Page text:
Dr Mark O'Donnell B.D.S
Monday - Thursday
Tuesday and Friday mornings
Good oral hygiene may combat bad breath
Four factors related to the health of your mouth may increase the risk of bad breath (halitosis), according to a study in the journal Acta Odontologica Scandinavica.
The study was done in Tokyo, and enrolled 617 people who were visiting a bad breath clinic. Each person was given an oral exam and gave saliva samples. The researchers found these risk factors for bad breath:
• tongue coating – people with larger areas of tongue coating had more than three times the risk of bad breath as people who had no tongue coating;
• plaque – people with more plaque on their teeth had about twice the risk of bad breath as people who had the least plaque;
• gum disease – people with more advanced gum disease had about a 30% increased risk of bad breath, compared with those who did not have gum disease; and,
• thick saliva – people with thicker saliva had a 10% greater risk of bad breath, compared with those who had thinner saliva.
Regular tooth brushing and flossing can prevent plaque, gum disease and some types of tongue coating. Thick saliva may indicate that a person has dry mouth. Many medicines can cause dry mouth. Other causes include:
• mouth infections;
• allergies, colds or flu; and,
• other medical conditions, such as diabetes or liver disease.
Medical screenings in dental offices could catch undiagnosed conditions
A dental visit may be a useful time to screen people for diabetes, kidney disease and other health conditions. That's one conclusion of a new study in the Journal of the American Dental Association.
Researchers collected urine and blood samples from 171 people ranging in age from 19 to 77. All were visiting a dental clinic for treatment. Researchers also asked questions about people's medical conditions and their medical history.
Here's what the researchers found:
• 83% of people had at least one abnormal test result;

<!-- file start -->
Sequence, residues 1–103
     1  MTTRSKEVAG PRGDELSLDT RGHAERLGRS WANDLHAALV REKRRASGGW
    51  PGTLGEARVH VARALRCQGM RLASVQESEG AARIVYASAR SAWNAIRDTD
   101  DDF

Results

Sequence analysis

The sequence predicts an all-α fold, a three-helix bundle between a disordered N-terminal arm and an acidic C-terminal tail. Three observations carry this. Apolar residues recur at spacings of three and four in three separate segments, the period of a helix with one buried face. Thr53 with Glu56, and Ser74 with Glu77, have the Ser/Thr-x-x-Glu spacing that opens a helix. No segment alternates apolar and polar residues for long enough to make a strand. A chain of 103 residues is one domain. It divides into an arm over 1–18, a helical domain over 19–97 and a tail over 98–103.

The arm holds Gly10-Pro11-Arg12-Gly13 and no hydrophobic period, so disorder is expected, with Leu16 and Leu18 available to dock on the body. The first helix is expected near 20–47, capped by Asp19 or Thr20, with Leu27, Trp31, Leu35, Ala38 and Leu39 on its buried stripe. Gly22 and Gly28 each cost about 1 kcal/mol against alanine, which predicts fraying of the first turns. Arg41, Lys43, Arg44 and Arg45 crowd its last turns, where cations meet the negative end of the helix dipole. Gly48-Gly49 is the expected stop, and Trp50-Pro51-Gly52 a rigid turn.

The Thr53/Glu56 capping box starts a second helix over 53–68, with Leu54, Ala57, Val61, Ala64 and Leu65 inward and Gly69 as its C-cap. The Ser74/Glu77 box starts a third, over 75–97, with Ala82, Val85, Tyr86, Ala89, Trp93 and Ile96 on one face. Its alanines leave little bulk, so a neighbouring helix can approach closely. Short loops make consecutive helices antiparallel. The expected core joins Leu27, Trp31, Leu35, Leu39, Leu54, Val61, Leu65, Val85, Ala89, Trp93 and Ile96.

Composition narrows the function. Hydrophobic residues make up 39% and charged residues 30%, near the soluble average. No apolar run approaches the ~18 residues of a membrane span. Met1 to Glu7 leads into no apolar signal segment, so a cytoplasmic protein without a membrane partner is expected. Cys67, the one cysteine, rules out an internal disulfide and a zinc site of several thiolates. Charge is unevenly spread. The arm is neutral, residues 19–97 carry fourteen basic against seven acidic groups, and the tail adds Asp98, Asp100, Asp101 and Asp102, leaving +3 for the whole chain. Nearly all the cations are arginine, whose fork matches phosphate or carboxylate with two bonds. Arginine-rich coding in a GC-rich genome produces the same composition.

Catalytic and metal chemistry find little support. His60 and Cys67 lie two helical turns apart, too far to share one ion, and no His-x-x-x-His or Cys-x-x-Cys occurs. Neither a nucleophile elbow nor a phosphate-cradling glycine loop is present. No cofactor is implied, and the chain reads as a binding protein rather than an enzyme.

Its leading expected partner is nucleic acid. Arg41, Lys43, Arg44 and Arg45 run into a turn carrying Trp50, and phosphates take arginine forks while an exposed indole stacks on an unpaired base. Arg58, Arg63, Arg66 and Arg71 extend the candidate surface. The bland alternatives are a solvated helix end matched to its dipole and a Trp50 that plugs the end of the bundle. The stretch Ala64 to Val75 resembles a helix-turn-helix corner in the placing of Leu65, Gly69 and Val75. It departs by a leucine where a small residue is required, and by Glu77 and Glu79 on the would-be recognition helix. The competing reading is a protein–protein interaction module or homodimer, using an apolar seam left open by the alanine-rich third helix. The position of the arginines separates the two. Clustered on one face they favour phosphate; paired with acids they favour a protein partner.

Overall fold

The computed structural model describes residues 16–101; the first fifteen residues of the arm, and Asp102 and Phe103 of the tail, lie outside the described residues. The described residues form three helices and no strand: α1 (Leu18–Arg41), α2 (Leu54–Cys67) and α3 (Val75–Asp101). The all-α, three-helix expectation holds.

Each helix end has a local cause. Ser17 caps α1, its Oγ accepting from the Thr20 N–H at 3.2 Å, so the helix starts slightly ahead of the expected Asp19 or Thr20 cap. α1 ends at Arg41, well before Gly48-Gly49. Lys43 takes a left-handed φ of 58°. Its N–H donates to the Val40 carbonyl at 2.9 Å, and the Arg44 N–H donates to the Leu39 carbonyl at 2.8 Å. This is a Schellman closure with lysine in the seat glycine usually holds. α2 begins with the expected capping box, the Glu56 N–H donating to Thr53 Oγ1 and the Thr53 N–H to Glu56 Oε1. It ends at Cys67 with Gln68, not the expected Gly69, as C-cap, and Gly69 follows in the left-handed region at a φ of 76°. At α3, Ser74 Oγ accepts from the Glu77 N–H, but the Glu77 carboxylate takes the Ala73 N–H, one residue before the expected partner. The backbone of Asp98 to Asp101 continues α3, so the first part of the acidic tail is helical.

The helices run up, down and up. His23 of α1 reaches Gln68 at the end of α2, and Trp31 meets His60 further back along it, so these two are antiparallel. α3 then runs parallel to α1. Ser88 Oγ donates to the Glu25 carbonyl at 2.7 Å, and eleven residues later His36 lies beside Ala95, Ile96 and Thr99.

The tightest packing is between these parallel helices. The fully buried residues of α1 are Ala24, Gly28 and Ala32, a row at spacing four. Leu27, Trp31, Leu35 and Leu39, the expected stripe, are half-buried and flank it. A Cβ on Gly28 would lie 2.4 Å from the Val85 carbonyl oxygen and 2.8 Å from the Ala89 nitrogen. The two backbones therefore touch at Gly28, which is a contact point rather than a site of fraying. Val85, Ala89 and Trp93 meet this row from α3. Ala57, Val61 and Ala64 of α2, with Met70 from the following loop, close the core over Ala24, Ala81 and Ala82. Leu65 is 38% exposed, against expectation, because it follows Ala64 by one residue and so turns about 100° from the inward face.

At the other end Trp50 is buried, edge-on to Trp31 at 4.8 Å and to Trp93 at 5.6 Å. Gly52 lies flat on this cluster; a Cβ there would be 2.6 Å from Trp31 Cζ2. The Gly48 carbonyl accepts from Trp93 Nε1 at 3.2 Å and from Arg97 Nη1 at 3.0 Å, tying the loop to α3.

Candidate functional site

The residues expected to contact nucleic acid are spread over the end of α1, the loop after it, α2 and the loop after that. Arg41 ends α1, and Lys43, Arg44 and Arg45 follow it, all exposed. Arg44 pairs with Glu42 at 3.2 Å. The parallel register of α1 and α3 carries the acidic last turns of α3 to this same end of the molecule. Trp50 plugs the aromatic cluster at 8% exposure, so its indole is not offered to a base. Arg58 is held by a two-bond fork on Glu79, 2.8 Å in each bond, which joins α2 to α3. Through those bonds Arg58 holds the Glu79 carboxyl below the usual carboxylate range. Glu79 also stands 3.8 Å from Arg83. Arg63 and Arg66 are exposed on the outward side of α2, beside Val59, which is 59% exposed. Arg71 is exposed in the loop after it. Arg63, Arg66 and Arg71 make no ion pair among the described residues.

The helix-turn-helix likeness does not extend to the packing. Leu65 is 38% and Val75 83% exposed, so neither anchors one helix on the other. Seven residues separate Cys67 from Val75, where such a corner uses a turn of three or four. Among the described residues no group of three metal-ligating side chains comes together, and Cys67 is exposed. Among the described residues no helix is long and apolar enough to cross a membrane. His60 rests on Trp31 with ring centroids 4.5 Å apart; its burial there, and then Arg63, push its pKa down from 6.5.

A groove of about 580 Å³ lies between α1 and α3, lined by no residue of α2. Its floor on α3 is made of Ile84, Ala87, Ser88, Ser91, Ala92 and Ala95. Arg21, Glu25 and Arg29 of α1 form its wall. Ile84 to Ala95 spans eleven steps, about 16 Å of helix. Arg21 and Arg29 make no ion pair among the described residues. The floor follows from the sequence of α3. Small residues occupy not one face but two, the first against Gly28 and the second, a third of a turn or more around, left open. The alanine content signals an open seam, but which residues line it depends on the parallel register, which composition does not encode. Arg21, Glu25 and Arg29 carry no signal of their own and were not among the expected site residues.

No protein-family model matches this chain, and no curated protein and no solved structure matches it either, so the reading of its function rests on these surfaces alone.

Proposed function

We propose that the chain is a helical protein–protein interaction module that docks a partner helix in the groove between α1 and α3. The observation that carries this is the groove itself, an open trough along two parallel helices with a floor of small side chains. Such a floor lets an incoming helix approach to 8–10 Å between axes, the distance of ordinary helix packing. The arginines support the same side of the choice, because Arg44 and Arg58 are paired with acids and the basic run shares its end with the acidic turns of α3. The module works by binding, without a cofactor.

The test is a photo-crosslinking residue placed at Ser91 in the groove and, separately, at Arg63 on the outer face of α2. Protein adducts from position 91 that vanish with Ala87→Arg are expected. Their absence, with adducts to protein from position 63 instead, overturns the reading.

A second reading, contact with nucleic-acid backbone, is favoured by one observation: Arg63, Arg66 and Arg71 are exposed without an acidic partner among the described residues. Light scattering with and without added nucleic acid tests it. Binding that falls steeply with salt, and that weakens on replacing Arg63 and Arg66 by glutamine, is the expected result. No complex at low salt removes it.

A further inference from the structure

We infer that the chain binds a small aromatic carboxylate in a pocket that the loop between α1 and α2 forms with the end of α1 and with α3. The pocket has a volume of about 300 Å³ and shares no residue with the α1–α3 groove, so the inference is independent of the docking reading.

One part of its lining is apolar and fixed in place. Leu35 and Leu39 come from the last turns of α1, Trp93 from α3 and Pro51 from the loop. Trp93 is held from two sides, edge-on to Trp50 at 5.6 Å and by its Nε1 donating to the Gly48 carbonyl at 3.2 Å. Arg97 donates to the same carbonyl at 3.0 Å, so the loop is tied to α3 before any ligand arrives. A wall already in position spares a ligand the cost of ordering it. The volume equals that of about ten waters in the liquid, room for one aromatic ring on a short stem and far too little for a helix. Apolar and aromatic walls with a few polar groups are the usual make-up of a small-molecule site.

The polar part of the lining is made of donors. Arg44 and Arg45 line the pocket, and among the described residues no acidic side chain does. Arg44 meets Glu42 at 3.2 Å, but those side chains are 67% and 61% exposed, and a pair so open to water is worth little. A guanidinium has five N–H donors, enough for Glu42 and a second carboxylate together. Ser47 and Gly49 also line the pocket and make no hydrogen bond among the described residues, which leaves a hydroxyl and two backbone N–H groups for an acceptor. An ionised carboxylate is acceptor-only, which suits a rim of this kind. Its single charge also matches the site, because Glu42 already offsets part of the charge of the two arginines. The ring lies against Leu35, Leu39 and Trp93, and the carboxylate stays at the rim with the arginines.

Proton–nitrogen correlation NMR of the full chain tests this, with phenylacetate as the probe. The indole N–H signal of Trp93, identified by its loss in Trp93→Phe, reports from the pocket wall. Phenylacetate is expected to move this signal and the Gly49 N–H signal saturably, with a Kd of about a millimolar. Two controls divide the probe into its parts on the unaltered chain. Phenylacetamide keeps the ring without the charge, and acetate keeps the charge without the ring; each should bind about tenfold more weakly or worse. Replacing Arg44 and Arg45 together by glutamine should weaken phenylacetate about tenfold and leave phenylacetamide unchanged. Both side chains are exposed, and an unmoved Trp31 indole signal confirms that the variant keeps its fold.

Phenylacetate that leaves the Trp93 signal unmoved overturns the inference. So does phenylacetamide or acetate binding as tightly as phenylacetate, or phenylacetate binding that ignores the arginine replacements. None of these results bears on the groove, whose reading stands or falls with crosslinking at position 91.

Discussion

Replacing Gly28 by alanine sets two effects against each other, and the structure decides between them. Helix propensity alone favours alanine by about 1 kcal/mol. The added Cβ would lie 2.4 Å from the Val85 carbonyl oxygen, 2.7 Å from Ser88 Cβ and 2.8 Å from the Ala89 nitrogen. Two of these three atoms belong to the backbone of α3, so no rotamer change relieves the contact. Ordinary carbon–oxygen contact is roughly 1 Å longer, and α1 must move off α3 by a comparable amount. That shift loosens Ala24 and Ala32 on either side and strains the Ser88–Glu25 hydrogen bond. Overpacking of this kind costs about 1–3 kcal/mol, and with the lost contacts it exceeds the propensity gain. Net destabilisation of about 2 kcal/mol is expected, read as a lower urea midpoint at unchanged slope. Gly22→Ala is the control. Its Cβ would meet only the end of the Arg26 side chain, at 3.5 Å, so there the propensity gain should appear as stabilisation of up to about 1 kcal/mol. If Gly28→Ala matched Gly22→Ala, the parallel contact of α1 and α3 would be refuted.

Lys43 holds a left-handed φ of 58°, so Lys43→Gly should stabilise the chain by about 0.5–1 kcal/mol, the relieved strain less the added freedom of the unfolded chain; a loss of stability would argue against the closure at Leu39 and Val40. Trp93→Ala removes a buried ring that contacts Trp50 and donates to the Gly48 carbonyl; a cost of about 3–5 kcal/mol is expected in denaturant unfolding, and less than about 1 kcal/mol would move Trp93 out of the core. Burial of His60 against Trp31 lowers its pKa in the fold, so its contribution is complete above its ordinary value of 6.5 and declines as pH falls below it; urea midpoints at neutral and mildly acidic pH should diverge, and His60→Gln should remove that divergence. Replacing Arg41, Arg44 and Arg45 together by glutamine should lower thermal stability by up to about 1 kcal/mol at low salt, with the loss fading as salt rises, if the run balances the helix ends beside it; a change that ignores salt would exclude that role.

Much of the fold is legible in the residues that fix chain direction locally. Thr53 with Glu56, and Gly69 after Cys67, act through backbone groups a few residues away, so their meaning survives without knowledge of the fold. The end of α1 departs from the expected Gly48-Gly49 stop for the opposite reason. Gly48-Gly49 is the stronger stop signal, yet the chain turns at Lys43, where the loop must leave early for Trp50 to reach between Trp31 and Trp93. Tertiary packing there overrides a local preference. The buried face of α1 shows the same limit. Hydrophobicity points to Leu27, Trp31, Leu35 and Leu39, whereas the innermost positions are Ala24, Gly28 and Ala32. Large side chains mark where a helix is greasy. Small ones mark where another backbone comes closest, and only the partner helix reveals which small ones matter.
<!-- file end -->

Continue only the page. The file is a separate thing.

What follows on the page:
• 18% had results that were significantly abnormal (higher or lower than 99% of other results);
• in women, the most common abnormal tests were high blood sugar and blood in the urine;
• in men, the most common abnormal tests were high blood sugar and high levels of white blood cells; and,
• 36% of people with heart disease and 13% of those with diabetes had test results that could point to kidney disease.
People with medical conditions were more likely to have at least one abnormal test result than people who did not report any conditions. Only 17% of people reported no medical conditions. Some 20% reported one condition, and 63% said they had two or more.
The researchers suggest that the dental office may be a useful place to conduct medical screenings. Few studies have looked at the possibility of medical screening in dental offices. Earlier in 2014, a study found that 41% of dental patients had evidence of diabetes or pre-diabetes.
Simple saliva test may reveal deadly diseases early enough to treat them
Research could lead to a simple saliva test capable of diagnosing – at an early stage – diabetes and cancer, and perhaps neurological disorders and autoimmune diseases.
The study, the most comprehensive analysis ever conducted of RNA molecules in human saliva, reveals that saliva contains many of the same disease-revealing molecules that are contained in blood. It was published online by the peer-reviewed journal Clinical Chemistry.
According to researchers, the test also holds promise for diagnosing type 2 diabetes, gastric cancer and other diseases.
RNA is a cellular messenger that makes proteins and carries out DNA's instructions to other parts of the cell. Researchers discovered that some of the same RNA that is inside human cells are also present in saliva and can be used to detect diseases – a surprising finding because enzymes in saliva can degrade RNA, making the mouth 'a hostile environment'.
Scientists compared microRNA levels in saliva to those in the blood and other body fluids, and found the levels of microRNA in blood and in saliva are very similar – indicating that a saliva sample would be a good measure of microRNAs in the body.
The overriding conclusion is that saliva has tremendous medical and scientific value. In the not-too-distant future, dentists might be able to take saliva samples to analyse for a variety of diseases. And the research could lead to a new category of self-diagnostic devices.